Graduate school didn’t last forever though, and when I finished my master’s degree I took several part-time jobs and no longer had time for walking and waiting at bus stops. When my parents came down for graduation, Dad spent an afternoon on the porch with the old purple commuter bike he and my mom got me when I was fourteen. He overhauled the drivetrain, trued the wheels, and added a rack on the back to which I could attach panniers for carrying my groceries. It was everything I needed in a reliable vehicle. Then he presented me with a Duke-blue tire pump with a big bow on it. My graduation present.
* * *
The transition to daily commuting was not entirely smooth; there were obstacles ranging from flat tires to fitness to inclement weather. Few things make me want to stay in bed more than waking to the sound of rain on the rooftop in February. If the temperature is below 40, I may even start wishing that I had a car.
I get up anyway. I make coffee. I check weather.com. I forgo a shower, because it never seems worthwhile when I know I will be doused with rainwater shortly. I put extra socks and shoes in my waterproof courier bag, pour what’s left of my coffee into a thermos, and tuck that in the bag as well.
Donning a navy blue raincoat, black nylon pants with velcro at the ankles, and my oldest sneakers which smell like wet dog from previous soakings, I am out the door into the rain. I swing my leg over the crossbar of my white road bike and push off down the street. The drops fall freely, without concern for the inconvenience they’ve caused me, weighing down my long hair, obscuring my vision. I live near a golf course and the long, flat stretch of road that runs alongside it presents a different view every morning. On bright, chilly winter days I watch the sky turn pink and orange through the tree line as the sun rises. On humid days my eyes pick out benches and sand traps through the dense fog. In summer, I see early risers getting in a quick game before work.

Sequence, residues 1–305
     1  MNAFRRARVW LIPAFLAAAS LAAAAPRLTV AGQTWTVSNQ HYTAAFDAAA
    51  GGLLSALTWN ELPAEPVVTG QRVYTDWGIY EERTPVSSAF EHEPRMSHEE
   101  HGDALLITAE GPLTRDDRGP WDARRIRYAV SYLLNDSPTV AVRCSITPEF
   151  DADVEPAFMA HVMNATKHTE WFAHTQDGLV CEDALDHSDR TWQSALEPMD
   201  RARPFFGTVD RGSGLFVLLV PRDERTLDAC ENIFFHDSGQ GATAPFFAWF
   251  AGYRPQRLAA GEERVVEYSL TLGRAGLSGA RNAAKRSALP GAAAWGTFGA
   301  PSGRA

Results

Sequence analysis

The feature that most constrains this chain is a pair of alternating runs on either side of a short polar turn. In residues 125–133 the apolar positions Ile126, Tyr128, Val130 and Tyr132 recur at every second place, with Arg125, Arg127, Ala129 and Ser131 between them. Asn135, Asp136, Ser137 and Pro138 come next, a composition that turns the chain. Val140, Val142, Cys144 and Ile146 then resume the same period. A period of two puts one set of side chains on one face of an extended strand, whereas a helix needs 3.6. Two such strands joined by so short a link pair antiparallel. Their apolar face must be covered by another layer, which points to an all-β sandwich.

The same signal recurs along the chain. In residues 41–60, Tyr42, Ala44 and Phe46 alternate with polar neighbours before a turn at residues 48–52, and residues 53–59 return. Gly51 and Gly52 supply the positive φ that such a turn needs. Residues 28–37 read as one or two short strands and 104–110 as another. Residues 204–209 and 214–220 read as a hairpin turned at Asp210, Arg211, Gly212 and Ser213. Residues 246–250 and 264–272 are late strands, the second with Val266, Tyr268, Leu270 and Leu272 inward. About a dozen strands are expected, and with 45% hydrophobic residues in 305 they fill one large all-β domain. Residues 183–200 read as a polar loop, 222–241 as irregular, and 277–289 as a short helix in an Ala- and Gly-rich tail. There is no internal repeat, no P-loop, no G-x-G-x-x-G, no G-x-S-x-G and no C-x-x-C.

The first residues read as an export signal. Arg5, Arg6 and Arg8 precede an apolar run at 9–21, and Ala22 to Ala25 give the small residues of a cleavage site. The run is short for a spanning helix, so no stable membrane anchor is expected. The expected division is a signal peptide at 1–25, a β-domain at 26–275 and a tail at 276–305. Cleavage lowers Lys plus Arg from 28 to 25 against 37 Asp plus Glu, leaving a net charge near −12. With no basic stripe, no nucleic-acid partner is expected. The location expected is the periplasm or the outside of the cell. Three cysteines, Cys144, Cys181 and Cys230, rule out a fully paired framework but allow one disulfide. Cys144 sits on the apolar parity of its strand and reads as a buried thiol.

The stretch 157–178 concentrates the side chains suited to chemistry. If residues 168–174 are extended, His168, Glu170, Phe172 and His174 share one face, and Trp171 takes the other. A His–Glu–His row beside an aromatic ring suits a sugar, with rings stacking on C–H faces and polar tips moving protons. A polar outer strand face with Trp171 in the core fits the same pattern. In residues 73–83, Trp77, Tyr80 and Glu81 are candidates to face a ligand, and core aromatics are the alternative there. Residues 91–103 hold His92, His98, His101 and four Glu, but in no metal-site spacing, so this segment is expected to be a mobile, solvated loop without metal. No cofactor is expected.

On rainy days the course is abandoned. In the early morning dampness everything looks a brighter shade of green. The air is clean and invigorating as I start to pedal harder, moving toward my destination by the strength of my own legs. I have been dreading this since I woke up, yet it is never as bad in actuality as it seemed from the warmth of my apartment.
Bicycling is hard work and, especially in the summer, that work induces sweat. In four years of bicycle commuting, despite lots of sunscreen, I’ve watched my face become more and more freckled. I’ve chosen to ignore catcalls induced by skimpy clothing, because when the heat index is over a hundred degrees, who really cares what the homeless guy I pass each day on Ninth Street has to say about my legs? I haven’t the energy. I’m focused on movement, labored breaths, the feel of the sun beating down on my back, and the heat radiating from the pavement when I stop at a red light.
I’m picturing Greg LeMond riding into Paris and I am willing myself to keep going, to beat my only competitor, the voices inside my own head:
Grow up and get a driver’s license.
It’s unattractive for a woman to be so sweaty all the time.
We live in a car culture; get used to it.
Cycling isn’t safe in cities in the United States.
Why aren’t you in better shape after four years of this?
This last one runs through my head every time I ride up a street with a respectable hill. It never gets easier.
Not long after LeMond’s historic win in 1986, he was injured in a hunting accident on a trip with his uncle. He survived with thirty shotgun pellets inside his body, and spent two years in recovery before his career picked up again. He went on to win the Tour de France twice more, in 1989 and 1990. LeMond was among the best in the world, yet most people in the United States didn’t know who he was. Oh, sure, he was on the cover of Sports Illustrated after his comeback in ‘89, but what about all of those years leading up to that? Years when people believed that American cyclists would never be able to compete with Europeans? His victory in ‘86—the first ever for an American cyclist in 85 years of the Tour de France—happened in relative obscurity when compared to the fame that later followed Lance Armstrong. LeMond was never a celebrity in that way.